The proposed creation of a new national monument in a Utah region of mesas, canyons, and native American ruins known as Bears Ears is pitting local tribal councils and environmental groups against ranchers and energy developers. Some opponents also identify with the broader opposition to federal designation that led to the armed occupation of a national wildlife refuge in Oregon earlier this year.

National parks and monuments have always been controversial, as H. Duane Hampton details in the Journal of Forest History.

Way back in 1872, Congress designated Yellowstone as the country’s first national park only after determining that the land wasn’t any good for farming, ranching, or settlement. The creation of the Mount Rainier and Crater Lake parks around the turn of the 20th century came with amendments allowing mining within the protected areas. Mining and grazing interests reduced the plan for Glacier National Park by two-thirds, and Congress also allowed for prospecting and various other economic activity even within the smaller area.

The pattern of opposition to new parks and the expansion of old ones continued for decades. In the 1960s, the California timber industry campaigned against the creation of Redwood National Park. One lumberman complained that “locking up these trees in a park is like taking Miss America, with a luscious big bust and a solid flank, and making her a nun.”

But Hampton writes that the arguments against national parks weren’t simply about economic resources, or even jobs. They were often built on the idea that the entire system of national parks was elitist. Early in their history, the parks were almost all out west, and visited mainly by easterners who could afford the trip. Shortly after Yellowstone’s establishment, one congressman decried it as an “imperial park” used by a “few wealthy persons,” and called for turning the park over to private hands.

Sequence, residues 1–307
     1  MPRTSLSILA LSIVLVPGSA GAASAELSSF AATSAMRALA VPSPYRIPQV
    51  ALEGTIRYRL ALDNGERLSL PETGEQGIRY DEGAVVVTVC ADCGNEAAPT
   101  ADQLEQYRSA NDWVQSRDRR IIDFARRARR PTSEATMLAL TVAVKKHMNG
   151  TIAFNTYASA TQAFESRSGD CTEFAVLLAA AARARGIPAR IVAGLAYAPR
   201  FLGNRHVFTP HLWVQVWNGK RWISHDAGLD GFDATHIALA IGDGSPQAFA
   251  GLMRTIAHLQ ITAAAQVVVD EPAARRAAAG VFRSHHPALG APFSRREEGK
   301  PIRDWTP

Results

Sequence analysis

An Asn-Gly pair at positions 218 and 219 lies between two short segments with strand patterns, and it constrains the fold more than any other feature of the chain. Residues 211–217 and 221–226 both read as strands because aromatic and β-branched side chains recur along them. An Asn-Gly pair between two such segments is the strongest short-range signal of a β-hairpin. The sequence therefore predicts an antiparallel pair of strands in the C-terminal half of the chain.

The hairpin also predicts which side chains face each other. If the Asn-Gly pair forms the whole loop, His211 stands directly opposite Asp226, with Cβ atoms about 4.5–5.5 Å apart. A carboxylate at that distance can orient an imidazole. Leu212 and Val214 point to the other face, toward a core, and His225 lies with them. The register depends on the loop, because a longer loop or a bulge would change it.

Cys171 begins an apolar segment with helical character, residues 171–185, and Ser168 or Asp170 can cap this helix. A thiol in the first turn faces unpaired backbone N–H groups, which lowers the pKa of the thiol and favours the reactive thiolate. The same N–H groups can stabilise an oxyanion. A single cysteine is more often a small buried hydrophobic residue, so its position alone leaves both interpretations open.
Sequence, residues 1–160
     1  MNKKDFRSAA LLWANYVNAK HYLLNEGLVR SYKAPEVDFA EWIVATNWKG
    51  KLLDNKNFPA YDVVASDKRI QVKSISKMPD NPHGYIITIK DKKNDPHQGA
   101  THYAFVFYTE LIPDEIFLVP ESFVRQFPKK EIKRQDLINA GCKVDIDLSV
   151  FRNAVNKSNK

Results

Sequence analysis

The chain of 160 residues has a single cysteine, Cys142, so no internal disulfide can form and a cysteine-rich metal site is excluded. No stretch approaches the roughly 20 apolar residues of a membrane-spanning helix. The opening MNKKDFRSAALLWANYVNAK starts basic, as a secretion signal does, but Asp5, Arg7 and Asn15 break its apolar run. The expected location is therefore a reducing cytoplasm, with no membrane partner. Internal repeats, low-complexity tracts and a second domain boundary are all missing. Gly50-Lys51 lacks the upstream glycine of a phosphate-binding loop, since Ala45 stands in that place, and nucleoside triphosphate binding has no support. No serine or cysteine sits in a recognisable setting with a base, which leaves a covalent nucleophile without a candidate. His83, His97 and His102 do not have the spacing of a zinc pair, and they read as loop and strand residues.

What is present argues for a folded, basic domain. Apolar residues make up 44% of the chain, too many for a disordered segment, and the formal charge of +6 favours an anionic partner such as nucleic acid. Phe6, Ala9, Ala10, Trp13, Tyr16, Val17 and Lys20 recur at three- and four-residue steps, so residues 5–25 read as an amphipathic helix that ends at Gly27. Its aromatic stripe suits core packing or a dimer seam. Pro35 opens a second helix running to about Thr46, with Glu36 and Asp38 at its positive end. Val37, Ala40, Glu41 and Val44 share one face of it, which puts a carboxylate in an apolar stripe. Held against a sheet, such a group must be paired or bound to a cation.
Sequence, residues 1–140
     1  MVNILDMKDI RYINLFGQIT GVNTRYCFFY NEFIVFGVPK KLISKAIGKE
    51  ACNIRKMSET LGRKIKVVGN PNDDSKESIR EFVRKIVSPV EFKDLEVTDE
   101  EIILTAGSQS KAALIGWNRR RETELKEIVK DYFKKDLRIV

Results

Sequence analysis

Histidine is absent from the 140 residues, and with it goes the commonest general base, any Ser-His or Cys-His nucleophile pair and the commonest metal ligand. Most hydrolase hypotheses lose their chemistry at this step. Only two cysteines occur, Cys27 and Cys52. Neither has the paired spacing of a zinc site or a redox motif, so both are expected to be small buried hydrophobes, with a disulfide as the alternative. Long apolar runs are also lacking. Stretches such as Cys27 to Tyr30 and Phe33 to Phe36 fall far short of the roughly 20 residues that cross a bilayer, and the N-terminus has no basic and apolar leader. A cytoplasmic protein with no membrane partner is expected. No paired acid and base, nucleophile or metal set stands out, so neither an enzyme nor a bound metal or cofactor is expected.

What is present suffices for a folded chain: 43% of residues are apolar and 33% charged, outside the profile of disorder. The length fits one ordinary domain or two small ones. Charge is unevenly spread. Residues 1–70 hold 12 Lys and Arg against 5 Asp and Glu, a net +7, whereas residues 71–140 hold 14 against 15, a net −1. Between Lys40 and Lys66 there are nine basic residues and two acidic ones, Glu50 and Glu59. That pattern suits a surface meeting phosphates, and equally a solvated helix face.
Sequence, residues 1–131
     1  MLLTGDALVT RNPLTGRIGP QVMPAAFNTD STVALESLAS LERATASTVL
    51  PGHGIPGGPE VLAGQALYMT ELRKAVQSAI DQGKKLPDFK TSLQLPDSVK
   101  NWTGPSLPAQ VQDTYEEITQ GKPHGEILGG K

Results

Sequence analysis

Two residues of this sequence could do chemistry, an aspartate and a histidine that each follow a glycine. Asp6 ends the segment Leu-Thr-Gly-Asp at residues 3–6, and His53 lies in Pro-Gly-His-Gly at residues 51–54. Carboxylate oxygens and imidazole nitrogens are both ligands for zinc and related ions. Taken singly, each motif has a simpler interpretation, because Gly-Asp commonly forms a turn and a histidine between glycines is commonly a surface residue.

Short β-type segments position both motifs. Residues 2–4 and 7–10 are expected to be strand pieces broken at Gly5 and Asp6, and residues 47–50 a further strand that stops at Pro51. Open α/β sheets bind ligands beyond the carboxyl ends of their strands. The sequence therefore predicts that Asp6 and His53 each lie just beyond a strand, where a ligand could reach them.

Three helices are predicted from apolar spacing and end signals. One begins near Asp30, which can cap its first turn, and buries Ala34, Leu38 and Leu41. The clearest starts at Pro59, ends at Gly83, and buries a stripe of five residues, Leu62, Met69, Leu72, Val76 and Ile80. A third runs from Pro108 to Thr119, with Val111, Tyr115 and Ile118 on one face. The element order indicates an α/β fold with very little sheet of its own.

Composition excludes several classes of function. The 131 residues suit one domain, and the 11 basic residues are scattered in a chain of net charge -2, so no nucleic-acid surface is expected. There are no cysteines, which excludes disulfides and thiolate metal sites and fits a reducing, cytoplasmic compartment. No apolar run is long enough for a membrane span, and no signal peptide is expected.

In the twentieth century, the elitism argument lost its power as the general population became more mobile and a broad cross- section began visiting the parks. In fact, some local opponents began to warn that designating their area as a park would result in an annoying influx of tourists.

Perhaps the most interesting echo in the current fight over Bears Ears in Hampton’s paper involves a nineteenth century argument that it was “not the function of government to dabble in recreation.” In 1895, proponents of limited federal government managed to get Mackinac National Park transferred to the authority of the state of Michigan. But within a few decades, populists and progressives “gained the general acceptance of an enlarged role for the federal government, and this particular form of opposition was subsequently muted.” At least for a while.



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Journal of Forest History, Vol. 25, No. 1 (Jan., 1981), pp. 36-45
Oxford University Press on behalf of Forest History Society and American Society for Environmental History